Benchmarks MySQL 4.0.18: Intel versus AMD

A Linux database server report would not be complete without the open source database MySQL. Many of our readers requested that we test with both MyISAM (default storage engine in MySQL 3.x) and InnoDB (default storage engine in MySQL 4.x), so we performed many more tests than last time.

It must be said that the MySQL results had a large margin of error (3% - 4%) compared to DB2, especially at high levels of concurrency.

Here is our MySQL configuration:

           Read_buffer=2GB
           Port=3306
           socket = /var/lib/mysql/mysql.sock
           skip-locking
           set-variable = max_user_connections= 2000
           set-variable = max_connections= 2000
           key_buffer=2G
           Read_buffer=2G
           table_cache=1024
           tmp_table=128M
           max_heap_table=256M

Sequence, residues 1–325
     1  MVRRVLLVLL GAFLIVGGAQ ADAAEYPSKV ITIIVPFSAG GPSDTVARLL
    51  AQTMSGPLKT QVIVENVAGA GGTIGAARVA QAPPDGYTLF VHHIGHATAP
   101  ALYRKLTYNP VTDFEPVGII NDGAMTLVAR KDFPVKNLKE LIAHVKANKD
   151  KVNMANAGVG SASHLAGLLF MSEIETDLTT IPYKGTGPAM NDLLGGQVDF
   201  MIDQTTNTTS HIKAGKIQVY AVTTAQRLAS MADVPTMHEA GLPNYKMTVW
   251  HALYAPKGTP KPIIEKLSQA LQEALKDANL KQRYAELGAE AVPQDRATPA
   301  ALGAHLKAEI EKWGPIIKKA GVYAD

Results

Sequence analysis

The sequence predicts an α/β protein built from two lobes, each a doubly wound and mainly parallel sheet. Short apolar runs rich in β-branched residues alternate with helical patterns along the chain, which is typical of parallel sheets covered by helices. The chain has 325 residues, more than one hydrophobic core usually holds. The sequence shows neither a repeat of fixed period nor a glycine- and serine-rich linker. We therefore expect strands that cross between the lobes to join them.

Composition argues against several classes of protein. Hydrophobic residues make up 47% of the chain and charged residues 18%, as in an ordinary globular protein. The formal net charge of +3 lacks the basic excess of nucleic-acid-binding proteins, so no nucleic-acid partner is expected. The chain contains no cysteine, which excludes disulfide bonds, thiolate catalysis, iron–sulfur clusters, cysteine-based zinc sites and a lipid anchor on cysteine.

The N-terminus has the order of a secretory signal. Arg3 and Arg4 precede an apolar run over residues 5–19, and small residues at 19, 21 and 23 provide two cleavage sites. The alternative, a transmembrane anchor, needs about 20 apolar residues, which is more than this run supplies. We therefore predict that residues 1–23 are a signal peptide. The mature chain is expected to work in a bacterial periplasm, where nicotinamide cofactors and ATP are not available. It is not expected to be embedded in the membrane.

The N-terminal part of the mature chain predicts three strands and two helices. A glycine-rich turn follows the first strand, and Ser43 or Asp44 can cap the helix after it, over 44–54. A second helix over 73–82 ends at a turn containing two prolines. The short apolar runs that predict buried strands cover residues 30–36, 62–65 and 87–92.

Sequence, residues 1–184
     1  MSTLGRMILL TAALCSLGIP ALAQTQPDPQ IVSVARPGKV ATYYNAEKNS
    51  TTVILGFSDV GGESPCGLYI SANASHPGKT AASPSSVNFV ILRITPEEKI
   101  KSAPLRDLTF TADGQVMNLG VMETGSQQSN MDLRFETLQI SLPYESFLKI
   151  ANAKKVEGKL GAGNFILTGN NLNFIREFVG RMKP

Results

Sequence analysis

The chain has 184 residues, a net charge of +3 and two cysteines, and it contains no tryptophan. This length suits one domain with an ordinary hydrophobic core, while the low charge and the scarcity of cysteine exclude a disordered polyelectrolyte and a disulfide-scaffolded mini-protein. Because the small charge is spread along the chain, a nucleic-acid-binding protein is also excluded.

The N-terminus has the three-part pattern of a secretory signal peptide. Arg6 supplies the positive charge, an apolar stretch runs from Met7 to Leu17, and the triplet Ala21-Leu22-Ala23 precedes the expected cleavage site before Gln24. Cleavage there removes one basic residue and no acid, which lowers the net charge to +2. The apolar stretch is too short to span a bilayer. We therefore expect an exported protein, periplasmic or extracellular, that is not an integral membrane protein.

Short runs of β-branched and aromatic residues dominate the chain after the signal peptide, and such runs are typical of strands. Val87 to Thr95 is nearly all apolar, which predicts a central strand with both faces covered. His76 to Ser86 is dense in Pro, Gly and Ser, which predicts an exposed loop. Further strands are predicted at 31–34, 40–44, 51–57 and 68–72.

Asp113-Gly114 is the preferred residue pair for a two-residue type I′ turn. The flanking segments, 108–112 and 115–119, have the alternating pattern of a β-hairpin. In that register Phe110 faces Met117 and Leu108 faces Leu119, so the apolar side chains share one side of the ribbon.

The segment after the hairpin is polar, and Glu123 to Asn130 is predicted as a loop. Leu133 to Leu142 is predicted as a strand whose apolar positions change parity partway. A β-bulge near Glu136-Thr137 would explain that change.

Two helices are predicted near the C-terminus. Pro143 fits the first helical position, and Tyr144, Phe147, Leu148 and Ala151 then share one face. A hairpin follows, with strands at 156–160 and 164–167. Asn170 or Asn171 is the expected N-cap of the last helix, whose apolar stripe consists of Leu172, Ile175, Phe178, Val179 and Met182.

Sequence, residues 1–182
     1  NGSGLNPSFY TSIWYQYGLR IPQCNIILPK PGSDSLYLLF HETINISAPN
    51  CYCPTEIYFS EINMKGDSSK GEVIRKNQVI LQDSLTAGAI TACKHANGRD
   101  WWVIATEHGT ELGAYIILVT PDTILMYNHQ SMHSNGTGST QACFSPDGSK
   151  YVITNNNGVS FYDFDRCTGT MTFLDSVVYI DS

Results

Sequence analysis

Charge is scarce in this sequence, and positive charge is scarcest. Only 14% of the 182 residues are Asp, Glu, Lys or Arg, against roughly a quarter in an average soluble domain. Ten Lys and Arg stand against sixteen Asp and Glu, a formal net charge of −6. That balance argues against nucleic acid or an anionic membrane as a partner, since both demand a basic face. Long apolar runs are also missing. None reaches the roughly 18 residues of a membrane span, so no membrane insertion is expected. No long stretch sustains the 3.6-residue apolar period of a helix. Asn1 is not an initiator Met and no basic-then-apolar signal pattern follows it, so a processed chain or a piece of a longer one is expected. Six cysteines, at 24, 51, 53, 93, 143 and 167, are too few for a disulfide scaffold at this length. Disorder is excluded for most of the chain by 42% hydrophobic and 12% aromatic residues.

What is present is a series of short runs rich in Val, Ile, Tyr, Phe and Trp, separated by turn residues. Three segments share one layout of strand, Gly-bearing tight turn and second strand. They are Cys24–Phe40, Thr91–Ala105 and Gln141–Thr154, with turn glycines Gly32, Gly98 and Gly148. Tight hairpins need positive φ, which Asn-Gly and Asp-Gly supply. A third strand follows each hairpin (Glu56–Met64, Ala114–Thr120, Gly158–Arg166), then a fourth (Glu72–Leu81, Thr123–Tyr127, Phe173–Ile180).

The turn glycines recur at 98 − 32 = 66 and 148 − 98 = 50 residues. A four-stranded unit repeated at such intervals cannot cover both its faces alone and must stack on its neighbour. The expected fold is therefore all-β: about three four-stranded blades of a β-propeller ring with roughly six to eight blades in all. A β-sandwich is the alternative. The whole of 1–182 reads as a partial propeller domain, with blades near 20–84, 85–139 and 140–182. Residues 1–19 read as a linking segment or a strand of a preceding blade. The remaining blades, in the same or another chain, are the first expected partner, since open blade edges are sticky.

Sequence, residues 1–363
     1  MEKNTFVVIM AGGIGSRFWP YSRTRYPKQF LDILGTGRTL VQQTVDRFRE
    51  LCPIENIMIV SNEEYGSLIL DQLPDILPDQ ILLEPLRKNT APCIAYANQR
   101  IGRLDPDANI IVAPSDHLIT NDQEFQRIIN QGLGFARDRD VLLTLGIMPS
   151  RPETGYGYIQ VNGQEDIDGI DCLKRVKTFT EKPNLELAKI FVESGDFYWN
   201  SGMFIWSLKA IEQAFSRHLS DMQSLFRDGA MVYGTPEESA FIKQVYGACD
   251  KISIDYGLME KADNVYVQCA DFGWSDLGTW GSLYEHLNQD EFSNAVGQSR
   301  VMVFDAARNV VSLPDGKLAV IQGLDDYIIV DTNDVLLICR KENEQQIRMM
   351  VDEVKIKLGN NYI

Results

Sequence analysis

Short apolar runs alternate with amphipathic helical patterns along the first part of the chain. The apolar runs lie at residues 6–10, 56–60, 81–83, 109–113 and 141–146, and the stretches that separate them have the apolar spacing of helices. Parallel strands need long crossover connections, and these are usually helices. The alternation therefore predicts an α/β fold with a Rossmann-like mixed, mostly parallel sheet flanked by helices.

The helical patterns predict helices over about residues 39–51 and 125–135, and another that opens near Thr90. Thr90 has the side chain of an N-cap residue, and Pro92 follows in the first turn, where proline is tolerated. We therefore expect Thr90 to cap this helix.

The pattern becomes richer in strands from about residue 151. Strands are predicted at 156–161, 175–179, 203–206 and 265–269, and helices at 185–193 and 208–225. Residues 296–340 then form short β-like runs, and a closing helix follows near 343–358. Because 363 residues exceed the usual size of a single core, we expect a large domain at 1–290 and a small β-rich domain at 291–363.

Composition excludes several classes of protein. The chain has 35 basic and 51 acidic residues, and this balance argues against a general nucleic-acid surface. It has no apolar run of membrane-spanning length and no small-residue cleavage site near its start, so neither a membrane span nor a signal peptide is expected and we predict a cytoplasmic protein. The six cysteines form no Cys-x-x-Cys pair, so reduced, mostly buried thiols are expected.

read_rnd_buffer = 64M
           thread_cache=16
           net_buffer_length=16k

The " query cache" was off, as we wanted to test worst case performance. In some cases, the query cache was able to push a single Xeon to 1000 queries per second, and the CPU was still capable of doing more, as the CPU load was at 50% - 70%. At 1000 queries/s and more, other bottlenecks started to kick in, such as the latency of the network driver, the operating system and so on.

All numbers are expressed in queries per second. All concurrency tests below 5 are not reliable enough to make any firm conclusion as the margin of error is much higher.

Concurrency Dual Xeon (Gallatin)
with L3 cache
Single Xeon (Gallatin)
with L3 cache
Dual Xeon (Nocona)
with HT
Single Xeon (Nocona)
with HT
Dual Xeon (Irwindale)
3.6GHz with HT
Dual Core Intel
3.2GHz
Dual Opteron 250
2.4Ghz